One of those hired-gun appraisers is Jared Shlaes, a well-respected professional commissioned by a group of large landholders in 1983 to show that a true reappraisal based on the increased worth of Loop property would chase business out of Cook County and discourage future development. The study showed that downtown market values had shot up by an average 78 percent since the last reassessment four years earlier. The Shlaes study was part of an extensive campaign, the Tribune reported at the time, to convince Hynes “that recent sales of office buildings exaggerated the worth of Loop property.”

The campaign apparently succeeded. The average hike in the Loop assessments that year was only 40 percent, the Trib reported. Still, a cry went out among the downtown business community. “We got grief from everybody,” Vanecko says. “The businessmen screamed that we raised things too high, and everyone else yelled that it was too low.” To Vanecko, that’s proof his office must be doing something right. Yet the real estate industry couldn’t have been too angry, since it has continued donating large campaign contributions to Hynes’s coffers.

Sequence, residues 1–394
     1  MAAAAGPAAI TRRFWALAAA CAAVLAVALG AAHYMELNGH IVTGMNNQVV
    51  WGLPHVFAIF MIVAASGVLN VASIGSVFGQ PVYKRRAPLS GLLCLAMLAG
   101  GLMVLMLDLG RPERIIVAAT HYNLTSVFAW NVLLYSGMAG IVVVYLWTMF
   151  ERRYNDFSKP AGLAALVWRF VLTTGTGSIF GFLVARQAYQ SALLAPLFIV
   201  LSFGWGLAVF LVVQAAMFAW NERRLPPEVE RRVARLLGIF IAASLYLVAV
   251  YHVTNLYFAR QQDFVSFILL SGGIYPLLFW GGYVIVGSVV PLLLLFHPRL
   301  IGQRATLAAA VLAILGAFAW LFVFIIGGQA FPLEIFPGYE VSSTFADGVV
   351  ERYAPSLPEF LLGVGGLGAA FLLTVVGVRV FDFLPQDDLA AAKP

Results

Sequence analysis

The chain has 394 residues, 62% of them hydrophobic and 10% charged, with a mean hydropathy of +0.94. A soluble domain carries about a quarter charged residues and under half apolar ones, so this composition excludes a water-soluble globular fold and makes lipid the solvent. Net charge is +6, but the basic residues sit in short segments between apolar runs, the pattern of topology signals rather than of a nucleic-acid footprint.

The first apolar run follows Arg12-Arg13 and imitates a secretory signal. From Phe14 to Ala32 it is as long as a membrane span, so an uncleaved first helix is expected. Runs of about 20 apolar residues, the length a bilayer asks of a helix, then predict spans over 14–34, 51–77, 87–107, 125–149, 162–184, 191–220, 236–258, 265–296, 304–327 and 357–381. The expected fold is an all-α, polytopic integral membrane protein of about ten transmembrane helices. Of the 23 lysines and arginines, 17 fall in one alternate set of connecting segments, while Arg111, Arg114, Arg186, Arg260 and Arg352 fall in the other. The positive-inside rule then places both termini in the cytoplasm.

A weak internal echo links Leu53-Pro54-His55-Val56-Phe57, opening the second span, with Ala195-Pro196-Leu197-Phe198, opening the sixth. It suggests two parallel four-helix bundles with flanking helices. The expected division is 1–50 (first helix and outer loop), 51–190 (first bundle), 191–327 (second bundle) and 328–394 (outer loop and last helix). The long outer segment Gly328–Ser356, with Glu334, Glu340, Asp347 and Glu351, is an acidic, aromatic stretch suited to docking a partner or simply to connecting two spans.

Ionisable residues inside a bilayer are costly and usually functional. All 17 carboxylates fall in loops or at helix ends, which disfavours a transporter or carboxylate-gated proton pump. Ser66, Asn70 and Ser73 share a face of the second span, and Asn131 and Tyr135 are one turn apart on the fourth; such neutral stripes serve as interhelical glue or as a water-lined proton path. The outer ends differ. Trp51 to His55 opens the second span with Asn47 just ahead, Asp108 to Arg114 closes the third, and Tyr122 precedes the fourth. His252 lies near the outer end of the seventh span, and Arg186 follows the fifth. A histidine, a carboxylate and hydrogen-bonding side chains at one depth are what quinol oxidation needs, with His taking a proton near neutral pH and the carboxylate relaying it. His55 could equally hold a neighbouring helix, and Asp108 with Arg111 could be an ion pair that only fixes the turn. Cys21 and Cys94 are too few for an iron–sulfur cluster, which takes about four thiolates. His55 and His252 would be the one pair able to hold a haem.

“Let’s say it’s your turn to be assessed,” Quinn says. “Say the assessor gives you a 50 percent increase. You the downtown businessman holler that this is terrible, I’ve gone up 50 percent. But really the market value of real estate downtown is, say, 80 percent higher than it was four years ago. So the assessor thinks 50 percent is a lot, which it is, but the market value still went up a whole lot more.”

This explanation — that he’s fostering a good climate for business in Cook County — would not fully excuse Hynes, if for no other reason than that it’s beyond the boundaries of his office. Hynes is, in effect, legislating policy. “The assessor’s job is to assess property according to the law,” Art Lyons says. “It is beyond his jurisdiction to make and implement development policies. . . . If property taxes are too high in Cook County, then the legislative bodies should change the laws, but the assessor should not take policy into his own hands.”

It’s also possible Hynes has other motivations, equally wrongheaded and far less noble. Certainly the real estate industry is a rich constituency, and many a politician feels the need to remain on its good side. The question is whether or not that has any effect on assessments in Hynes’s office.